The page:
Breast Cancer Specialists Van Nuys CA

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Scott Michael Eisenkop, MD
(818) 905-1901
5525 Etiwanda Ave
Tarzana, CA
Specialties
Oncology (Cancer), Gynecological Oncology
Gender
Male
Education
Medical School: Finch U Of Hs/Chicago Med Sch, North Chicago Il 60664
Graduation Year: 1978

Data Provided by:
Sergio Perticucci, MD
(661) 327-9800
9840 Topanga Canyon Blvd
Chatsworth, CA
Specialties
Oncology (Cancer), Gynecological Oncology
Gender
Male
Education
Medical School: Univ Di Milano, Fac Di Med E Chirurgia, Milano, Italy
Graduation Year: 1961

Data Provided by:
Beth Young Karlan, MD
(310) 423-3302
8700 Beverly Blvd
Los Angeles, CA
Specialties
Obstetrics & Gynecology, Gynecological Oncology
Gender
Female
Education
Medical School: Harvard Med Sch, Boston Ma 02115
Graduation Year: 1982

Data Provided by:
Steven Anatol Vasilev, MD
(323) 783-4019
4900 W Sunset Blvd
Los Angeles, CA
Specialties
Oncology (Cancer), Gynecological Oncology
Gender
Male
Education
Medical School: Univ Of Southern Ca Sch Of Med, Los Angeles Ca 90033
Graduation Year: 1984

Data Provided by:
Richard Lee Friedman, MD
(323) 644-5828
1300 N Vermont Ave
Los Angeles, CA
Specialties
Oncology (Cancer), Gynecological Oncology
Gender
Male
Education
Medical School: Stanford Univ Sch Of Med, Stanford Ca 94305
Graduation Year: 1986

Data Provided by:
Jonathan Saml Berek, MD
(310) 825-7787
10833 Le Conte Ave
Los Angeles, CA
Specialties
Oncology (Cancer), Gynecological Oncology
Gender
Male
Education
Medical School: Johns Hopkins Univ Sch Of Med, Baltimore Md 21205
Graduation Year: 1975

Data Provided by:
Maurice S Priver, MD FACS
2051 N Highland Ave
Los Angeles, CA
Gender
Male
Education
Medical School: Southern California
Graduation Year: 1936

Data Provided by:
Neal Semrad, MD
Los Angeles, CA
Specialties
Oncology (Cancer), Gynecological Oncology
Gender
Male
Education
Medical School: Univ Of Ok Coll Of Med, Oklahoma City Ok 73190
Graduation Year: 1977

Data Provided by:
Scott Eric Lentz, MD
(323) 783-4018
4900 W Sunset Blvd
Los Angeles, CA
Specialties
Oncology (Cancer), Gynecological Oncology
Gender
Male
Education
Medical School: Pa State Univ Coll Of Med, Hershey Pa 17033
Graduation Year: 1994

Data Provided by:
W Hernandez Linares, MD
1414 S Hope St
Los Angeles, CA
Specialties
Oncology (Cancer), Gynecological Oncology
Gender
Male
Education
Medical School: Univ Nac'L Auto De Honduras, Fac De Cien Med, Tegucigalpa, Honduras
Graduation Year: 1968

Data Provided by:
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8 Ways to Prevent Breast Cancer

Provided by: 

By Melaina Juntti

According to the American Cancer Society, one in eight US women will develop breast cancer at some point in their lives. This staggering stat could equal two members of your soccer team, three women in your yoga class, or five faces you see in a busy sushi joint. Fortunately, there are several natural ways to potentially lower your breast cancer risk.

1. Snack on walnuts. A recent Marshall University School of Medicine study showed that two handfuls of walnuts per day may help prevent breast cancer—and thwart tumor growth in those already with cancer—due to hearty doses of antioxidants, omega-3s, and phytosterols.

2. Feast on fungi. A recent study of more than 2,000 Chinese women revealed that after adjusting for known cancer risk factors like smoking and obesity, those who ate at least 10 grams of button mushrooms per day were 64 percent less likely to develop the disease. Researchers say ’shrooms may curb estrogen production while strengthening immune function.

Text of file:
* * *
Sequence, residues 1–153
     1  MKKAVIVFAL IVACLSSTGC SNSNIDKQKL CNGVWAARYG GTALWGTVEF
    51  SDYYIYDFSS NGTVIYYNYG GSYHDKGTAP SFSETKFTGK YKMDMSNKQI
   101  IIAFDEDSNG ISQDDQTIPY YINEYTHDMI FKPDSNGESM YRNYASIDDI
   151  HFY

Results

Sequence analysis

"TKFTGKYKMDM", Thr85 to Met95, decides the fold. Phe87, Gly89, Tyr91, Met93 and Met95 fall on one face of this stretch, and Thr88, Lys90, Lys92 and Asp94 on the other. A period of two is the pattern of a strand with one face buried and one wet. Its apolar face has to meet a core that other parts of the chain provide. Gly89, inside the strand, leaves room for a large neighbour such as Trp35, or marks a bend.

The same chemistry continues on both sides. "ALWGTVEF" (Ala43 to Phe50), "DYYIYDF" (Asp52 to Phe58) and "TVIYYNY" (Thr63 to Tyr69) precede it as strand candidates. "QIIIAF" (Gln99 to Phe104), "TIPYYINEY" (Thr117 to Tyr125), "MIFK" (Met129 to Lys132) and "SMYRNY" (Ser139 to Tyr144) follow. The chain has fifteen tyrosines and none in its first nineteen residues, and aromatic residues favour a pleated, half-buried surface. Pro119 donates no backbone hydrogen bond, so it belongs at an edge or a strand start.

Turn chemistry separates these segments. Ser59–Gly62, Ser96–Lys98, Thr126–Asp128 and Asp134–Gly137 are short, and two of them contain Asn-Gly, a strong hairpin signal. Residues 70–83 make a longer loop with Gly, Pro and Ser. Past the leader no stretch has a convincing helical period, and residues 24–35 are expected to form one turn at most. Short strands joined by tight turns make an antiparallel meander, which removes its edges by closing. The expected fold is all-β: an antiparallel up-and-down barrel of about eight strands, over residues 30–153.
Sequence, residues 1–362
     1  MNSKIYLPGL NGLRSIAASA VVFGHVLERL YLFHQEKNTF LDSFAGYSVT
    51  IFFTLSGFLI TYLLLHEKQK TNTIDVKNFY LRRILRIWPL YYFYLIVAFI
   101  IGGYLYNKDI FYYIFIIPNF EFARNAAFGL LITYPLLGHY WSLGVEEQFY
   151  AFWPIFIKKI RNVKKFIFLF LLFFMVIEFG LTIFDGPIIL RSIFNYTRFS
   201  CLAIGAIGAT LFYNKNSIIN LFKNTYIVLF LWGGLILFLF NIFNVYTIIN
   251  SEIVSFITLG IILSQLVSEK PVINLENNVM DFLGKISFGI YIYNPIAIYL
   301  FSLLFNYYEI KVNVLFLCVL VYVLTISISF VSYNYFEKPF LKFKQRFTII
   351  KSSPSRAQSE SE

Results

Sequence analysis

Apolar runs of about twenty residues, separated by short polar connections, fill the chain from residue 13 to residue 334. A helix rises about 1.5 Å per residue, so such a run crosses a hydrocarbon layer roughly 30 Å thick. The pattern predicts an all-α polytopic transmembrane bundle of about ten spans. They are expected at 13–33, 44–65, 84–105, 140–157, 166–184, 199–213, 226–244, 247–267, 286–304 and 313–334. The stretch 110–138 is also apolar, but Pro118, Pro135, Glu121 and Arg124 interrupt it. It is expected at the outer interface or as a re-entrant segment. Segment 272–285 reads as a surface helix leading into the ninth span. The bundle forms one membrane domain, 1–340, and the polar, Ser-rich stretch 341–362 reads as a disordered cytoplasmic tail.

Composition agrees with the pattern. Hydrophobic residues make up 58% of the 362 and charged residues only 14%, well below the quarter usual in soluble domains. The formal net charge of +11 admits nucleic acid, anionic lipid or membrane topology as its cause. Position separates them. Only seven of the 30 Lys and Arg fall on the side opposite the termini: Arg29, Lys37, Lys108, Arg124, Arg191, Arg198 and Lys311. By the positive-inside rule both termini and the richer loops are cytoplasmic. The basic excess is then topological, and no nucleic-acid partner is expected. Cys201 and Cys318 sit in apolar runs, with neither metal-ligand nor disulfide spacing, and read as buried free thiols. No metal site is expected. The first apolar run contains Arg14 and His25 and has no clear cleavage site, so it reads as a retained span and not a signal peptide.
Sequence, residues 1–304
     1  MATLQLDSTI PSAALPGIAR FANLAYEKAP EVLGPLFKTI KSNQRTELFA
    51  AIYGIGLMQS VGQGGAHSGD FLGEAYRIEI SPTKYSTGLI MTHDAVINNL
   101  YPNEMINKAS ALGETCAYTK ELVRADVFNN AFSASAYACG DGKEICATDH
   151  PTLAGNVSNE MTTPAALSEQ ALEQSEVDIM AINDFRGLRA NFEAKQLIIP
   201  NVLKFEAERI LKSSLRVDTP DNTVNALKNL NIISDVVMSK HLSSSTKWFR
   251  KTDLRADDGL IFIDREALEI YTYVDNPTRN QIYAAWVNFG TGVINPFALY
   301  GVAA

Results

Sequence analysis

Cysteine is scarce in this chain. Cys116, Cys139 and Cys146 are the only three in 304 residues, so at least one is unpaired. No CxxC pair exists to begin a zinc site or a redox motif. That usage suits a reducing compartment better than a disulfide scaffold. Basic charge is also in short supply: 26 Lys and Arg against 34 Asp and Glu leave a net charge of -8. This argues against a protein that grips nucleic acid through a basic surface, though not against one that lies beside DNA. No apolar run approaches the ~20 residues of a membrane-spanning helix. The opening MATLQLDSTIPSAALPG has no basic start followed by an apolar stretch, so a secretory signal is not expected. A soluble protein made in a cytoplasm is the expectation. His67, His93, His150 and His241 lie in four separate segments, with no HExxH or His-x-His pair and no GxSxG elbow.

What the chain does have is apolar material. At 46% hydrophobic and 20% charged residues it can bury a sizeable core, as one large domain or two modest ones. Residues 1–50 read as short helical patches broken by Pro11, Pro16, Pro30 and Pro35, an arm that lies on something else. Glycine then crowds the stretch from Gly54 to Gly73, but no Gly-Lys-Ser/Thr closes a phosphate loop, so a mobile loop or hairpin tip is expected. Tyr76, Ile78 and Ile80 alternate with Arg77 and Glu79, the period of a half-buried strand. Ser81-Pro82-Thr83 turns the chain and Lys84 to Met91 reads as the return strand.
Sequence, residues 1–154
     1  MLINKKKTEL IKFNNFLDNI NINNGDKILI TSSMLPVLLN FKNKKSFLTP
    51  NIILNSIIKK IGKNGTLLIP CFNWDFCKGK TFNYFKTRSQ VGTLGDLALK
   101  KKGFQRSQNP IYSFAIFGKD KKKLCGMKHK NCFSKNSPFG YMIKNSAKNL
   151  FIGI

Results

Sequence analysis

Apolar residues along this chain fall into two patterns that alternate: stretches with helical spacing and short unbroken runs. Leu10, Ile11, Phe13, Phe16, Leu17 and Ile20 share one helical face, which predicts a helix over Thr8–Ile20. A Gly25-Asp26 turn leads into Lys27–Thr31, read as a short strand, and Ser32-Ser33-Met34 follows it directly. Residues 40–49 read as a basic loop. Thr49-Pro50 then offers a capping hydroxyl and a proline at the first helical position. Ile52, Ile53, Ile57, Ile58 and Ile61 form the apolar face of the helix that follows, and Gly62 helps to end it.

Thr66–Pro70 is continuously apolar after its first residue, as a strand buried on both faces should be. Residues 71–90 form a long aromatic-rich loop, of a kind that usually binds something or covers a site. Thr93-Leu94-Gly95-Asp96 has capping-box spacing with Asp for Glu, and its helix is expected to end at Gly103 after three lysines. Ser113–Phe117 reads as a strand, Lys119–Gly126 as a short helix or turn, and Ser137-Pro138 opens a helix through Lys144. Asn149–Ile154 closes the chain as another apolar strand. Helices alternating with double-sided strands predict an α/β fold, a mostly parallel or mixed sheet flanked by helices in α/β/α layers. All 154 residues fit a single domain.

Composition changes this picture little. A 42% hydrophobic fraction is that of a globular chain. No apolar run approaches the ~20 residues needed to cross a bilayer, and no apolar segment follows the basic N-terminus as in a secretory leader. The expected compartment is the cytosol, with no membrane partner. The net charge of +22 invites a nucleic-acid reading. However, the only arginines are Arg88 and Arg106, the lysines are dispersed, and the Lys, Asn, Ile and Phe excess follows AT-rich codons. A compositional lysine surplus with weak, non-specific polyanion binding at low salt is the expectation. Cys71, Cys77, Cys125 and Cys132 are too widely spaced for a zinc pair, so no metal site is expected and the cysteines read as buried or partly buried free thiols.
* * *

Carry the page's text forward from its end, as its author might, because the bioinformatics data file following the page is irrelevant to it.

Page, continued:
3. Avoid alcohol. Just one or two drinks per day may elevate risk of breast tumors fueled by both estrogen and progesterone (the most common type), according to the National Cancer Institute (NCI). As beer, booze, and wine consumption increases, so does breast cancer risk, so think before imbibing.

4. Dodge pesticides.
Certain pesticides’ molecular structures mimic estrogen’s and glom onto your cells’ hormone receptors. Although a hard-and-fast link has yet to be established, the Mayo Clinic reports women with elevated pesticide levels in their breast tissue have greater cancer risk—all the more reason to buy organic and grow your own veggies.

5. Steep and sip.
Women under age 50 who drank three cups of tea per day had 37 percent lower risk than those who sipped none, according to research published in the January issue of Cancer Epidemiology Biomarkers & Prevention. Tea’s flavonoids (a type of antioxidant) help stymie the free-radical damage that can lead to disease.

6. Limit radiation exposure. NCI warns that radiation therapy to the chest—especially during puberty—ups breast cancer risk, beginning 10 years after treatment and lasting (gulp) forever. According to a 2007 study published in the International Journal of Cancer, women given diagnostic chest X-rays for pneumonia had two times the normal risk for breast cancer; even those who’d received radiotherapy for acne or other skin conditions were more prone.

7. Trim the fat. Older women who ate 2 ounces of saturated fat–laden red meat a day for seven years had a 56 percent higher risk of breast cancer than those who ate none, says a 2007 University of Leeds study.

8. Chill out. Looks like stress can up breast cancer risk too. A 2008 Israeli study showed that women who’d weathered more than one stressful life event, such as losing a spouse, were at greater risk—and that general feelings of optimism and happiness may stave off breast cancer. —Melaina Juntti

Author: Melaina Juntti

Copyright 1999-2009 Natural Solutions: Vibrant Health, Balanced Living/Alternative Medicine/InnoVisi...

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